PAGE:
figure4

(A) Effect of glucose withdrawal on V-ATPase assembly. Logarithmically growing BY4741 cells expressing Vma5-GFP were labeled with FM4-64, shifted from glucose media (+Glc) to media containing galactose (+Gal) and analyzed by fluorescence microscopy immediately or after 45 min incubation at 30 °C. (B) Vacuolar de-acidification in response to withdrawal of glucose. The indicated cells were grown as in (A) and vacuolar pH was measured before and after shift to galactose. Error bars represent Standard Deviation (n = 6). (C) Logarithmically growing cells, labeled with FM4-64, were shifted from glucose media to media containing no glucose (-Glc), galactose (+Gal) or glucose (+Glc, control). Cells were analyzed by fluorescence microscopy immediately or after 45 min of incubation at 30 °C. Scale bars: 5 μm. (D) Quantification of experiments as shown in (C). 50–220 cells were classified according to the number of vacuoles per cell (n = 3). (E) Response of mutants to glucose withdrawal. The indicated strains were subjected to a shift from glucose to galactose-containing media as in C and analyzed by fluorescence microscopy. Only FM4-64 fluorescence is shown.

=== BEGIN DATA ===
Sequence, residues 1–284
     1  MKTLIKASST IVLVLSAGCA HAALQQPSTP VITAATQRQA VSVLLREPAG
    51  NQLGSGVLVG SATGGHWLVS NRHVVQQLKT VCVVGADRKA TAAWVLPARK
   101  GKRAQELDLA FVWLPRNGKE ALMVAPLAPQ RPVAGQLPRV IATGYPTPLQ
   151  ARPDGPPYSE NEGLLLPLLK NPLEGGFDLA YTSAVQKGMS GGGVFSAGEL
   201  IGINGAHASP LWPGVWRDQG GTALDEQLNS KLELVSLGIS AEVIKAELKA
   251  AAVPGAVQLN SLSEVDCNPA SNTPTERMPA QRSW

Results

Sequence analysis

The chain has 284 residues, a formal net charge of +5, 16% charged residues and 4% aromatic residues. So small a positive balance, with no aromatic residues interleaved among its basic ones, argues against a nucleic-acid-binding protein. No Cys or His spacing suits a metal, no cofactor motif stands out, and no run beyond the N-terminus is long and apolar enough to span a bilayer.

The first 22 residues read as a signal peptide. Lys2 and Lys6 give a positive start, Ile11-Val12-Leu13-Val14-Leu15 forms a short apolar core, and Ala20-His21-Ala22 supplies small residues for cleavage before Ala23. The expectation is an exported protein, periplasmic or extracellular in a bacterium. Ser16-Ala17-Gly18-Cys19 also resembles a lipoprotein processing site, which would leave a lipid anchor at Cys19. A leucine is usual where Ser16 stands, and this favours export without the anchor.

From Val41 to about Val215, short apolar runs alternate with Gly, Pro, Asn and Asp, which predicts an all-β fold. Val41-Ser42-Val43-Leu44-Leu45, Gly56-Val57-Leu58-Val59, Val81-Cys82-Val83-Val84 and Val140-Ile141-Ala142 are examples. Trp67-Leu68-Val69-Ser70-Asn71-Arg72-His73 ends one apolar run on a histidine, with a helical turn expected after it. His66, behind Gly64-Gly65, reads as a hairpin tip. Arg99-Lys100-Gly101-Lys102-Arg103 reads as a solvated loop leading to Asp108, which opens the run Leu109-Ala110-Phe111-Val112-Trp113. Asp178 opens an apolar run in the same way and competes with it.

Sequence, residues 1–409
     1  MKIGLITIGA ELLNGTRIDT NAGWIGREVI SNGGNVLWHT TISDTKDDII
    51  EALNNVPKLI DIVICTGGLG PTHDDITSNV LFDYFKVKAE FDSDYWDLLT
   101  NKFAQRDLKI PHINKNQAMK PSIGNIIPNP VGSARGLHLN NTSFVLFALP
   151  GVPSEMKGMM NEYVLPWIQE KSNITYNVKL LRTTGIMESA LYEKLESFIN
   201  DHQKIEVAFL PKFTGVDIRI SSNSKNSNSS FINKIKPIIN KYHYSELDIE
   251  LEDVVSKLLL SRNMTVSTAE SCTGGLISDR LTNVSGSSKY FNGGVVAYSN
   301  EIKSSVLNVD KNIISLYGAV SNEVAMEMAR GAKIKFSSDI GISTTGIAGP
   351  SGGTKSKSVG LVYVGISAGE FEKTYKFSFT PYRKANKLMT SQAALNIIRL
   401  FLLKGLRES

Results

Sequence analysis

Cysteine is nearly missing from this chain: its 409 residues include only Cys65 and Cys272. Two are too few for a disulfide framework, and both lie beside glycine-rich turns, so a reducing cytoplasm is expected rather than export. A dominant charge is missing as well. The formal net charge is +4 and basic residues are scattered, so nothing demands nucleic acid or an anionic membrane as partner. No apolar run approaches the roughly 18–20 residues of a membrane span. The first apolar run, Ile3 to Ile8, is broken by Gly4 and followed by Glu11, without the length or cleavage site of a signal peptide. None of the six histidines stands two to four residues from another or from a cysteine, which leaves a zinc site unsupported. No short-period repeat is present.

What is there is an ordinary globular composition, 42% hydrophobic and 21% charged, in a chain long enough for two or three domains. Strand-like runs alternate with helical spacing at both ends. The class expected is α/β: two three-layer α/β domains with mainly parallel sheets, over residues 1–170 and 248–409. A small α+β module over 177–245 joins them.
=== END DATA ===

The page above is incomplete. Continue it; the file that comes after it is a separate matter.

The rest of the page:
Vacuole fusion in zygotes is independent of the vacuolar R-SNARE Nyv1